Bangladesh continues to remain at the lower end of the Global Hunger Index.
According to the Global Hunger Index-2017 of the International Food Policy Research Institute (IFPRI), Bangladesh is ranked 88 among 119 countries. But it is ahead of India (100), and Pakistan (106).
The country was ranked 90th among 118 countries in 2016.
Bangladesh scored 26.5 in the GHI this year, whereas Pakistan 32.6 and India 31.4, estimated the IFPRI. Myanmar (77), however, ranked better than Bangladesh with the score of 22.6.
Among other South Asian countries, Nepal placed 72nd, Sri Lank (84), and Afghanistan (107).
China ranked at 29th spot in the report.
“India is ranked 100th out of 119 countries, and has the third highest score in all of Asia - only Afghanistan and Pakistan are ranked worse,” IFPRI said in a statement on Thursday.
“At 31.4, India’s 2017 GHI score is at the high end of the serious category. According to 2015-2016 survey data, more than a fifth (21 per cent) of children in India suffer from wasting,” it added.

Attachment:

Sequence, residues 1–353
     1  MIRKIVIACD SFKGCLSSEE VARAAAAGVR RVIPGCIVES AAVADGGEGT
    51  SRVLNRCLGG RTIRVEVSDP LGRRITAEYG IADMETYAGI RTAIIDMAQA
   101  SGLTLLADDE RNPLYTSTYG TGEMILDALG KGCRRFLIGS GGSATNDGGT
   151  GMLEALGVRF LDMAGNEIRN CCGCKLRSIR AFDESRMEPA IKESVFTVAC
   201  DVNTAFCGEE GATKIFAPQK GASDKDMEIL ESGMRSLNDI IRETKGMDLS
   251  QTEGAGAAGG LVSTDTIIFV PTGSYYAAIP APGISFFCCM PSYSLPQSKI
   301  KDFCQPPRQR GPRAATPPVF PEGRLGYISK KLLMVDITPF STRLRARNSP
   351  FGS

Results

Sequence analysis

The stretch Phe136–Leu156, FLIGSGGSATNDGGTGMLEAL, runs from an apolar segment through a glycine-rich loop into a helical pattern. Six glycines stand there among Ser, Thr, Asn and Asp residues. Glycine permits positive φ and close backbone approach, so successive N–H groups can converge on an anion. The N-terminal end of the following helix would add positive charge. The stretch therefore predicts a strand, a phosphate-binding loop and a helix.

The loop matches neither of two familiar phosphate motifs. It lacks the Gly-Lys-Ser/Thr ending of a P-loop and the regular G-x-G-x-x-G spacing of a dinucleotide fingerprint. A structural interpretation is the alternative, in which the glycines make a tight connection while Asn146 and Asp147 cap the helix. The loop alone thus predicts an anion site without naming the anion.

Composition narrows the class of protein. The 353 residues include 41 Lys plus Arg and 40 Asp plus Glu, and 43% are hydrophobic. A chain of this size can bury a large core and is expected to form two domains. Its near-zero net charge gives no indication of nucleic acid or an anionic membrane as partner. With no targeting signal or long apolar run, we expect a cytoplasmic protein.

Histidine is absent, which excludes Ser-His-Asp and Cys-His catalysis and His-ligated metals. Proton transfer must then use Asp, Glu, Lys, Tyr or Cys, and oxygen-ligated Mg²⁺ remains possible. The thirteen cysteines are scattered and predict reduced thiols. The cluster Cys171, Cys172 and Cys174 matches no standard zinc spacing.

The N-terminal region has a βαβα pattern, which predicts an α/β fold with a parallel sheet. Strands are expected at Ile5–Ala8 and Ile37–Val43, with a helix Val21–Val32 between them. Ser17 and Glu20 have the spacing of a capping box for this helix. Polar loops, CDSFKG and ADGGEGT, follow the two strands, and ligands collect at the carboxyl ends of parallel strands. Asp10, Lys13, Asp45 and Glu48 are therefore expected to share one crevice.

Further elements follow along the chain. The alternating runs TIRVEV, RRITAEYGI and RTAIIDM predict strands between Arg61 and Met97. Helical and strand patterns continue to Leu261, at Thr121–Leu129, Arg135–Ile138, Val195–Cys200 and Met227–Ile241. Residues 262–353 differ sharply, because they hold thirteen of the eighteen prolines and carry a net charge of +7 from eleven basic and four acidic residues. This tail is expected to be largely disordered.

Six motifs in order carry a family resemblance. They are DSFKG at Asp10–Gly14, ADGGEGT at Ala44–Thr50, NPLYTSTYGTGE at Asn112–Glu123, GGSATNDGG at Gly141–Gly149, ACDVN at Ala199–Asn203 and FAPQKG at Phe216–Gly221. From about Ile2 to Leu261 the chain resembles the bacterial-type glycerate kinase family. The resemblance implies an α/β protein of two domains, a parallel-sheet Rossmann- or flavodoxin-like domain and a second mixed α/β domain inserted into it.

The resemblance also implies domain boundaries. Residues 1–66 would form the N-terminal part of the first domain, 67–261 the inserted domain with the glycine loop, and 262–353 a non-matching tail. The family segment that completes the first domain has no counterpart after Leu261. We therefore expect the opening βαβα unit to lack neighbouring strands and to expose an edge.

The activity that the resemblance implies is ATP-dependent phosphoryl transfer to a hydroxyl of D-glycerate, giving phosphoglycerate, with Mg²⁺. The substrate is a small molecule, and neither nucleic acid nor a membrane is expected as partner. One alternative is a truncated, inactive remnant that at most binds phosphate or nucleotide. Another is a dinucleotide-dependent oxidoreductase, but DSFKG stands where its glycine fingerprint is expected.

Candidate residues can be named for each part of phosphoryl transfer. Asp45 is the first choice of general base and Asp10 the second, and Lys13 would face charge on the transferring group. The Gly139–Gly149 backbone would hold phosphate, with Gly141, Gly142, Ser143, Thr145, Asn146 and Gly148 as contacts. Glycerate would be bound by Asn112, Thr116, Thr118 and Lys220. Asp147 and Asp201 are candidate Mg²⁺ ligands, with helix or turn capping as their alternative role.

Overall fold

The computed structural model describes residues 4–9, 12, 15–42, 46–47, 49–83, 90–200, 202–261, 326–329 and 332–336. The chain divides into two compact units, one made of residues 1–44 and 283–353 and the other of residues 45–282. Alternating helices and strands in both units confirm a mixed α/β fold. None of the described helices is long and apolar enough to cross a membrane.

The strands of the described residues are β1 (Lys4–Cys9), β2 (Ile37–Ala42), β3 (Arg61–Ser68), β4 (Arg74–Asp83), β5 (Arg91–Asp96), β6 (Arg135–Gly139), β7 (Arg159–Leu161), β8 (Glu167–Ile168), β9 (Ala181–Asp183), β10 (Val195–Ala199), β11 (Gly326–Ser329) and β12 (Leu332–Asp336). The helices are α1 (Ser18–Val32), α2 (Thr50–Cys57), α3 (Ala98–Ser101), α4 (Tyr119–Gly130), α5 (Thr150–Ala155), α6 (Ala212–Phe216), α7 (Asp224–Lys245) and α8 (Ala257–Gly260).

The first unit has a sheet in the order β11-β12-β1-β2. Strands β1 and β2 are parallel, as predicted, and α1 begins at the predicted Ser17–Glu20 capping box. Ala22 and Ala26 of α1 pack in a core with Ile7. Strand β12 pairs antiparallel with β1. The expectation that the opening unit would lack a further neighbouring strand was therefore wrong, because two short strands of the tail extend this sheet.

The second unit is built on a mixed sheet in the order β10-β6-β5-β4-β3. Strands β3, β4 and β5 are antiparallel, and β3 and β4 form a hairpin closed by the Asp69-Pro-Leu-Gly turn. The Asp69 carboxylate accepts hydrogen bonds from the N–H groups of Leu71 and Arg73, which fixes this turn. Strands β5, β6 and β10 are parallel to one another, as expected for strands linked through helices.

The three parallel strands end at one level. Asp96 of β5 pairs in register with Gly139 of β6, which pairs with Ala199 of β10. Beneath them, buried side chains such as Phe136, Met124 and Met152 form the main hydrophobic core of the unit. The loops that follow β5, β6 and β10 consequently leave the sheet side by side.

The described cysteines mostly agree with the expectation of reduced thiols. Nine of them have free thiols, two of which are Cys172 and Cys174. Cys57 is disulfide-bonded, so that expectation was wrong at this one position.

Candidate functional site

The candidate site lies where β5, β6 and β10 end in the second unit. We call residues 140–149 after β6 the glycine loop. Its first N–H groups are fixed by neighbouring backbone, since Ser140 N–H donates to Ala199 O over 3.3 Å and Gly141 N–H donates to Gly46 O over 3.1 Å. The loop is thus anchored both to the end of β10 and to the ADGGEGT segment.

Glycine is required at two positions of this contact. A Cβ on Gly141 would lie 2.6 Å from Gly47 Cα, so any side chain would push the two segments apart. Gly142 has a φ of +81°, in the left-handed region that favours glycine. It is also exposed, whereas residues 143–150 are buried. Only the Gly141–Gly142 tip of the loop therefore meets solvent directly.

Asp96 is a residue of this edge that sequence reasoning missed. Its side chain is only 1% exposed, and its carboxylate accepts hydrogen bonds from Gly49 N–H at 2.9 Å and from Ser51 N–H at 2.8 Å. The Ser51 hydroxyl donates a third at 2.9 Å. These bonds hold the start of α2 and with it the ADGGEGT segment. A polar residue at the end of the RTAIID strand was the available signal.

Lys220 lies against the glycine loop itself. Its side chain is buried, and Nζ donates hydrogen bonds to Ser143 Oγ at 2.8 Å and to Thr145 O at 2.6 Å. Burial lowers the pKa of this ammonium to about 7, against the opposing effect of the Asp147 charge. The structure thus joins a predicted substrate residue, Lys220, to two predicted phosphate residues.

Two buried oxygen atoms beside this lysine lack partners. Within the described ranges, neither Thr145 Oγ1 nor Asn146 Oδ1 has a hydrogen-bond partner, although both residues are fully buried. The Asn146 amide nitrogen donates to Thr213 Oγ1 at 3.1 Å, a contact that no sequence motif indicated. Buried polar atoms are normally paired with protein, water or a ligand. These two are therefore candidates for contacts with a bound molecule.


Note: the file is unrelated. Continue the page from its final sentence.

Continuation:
“Only three other countries in this year’s GHI - Djibouti, Sri Lanka, and South Sudan - have data or estimates showing child wasting above 20 per cent in the latest period (2012-2016). Further, India’s child wasting rate has not substantially improved over the past 25 years,” the statement added.
The GHI, now in its 12th year, ranks countries based on four key indicators - undernourishment, child mortality, child wasting and child stunting.
The report ranked 119 countries in the developing world this year, 52 of which were rated as having ‘extremely alarming,’ ‘alarming’ or ’serious’ hunger levels.
Sharing some good news, the statement said, “The level of hunger in developing countries decreased by 27 per cent since 2000. During the same period, GHI scores of 14 countries, including Senegal, Azerbaijan, Peru, Panama, Brazil and China improved by 50 per cent or more.”
The report, however, mentioned there are many things yet to achieve.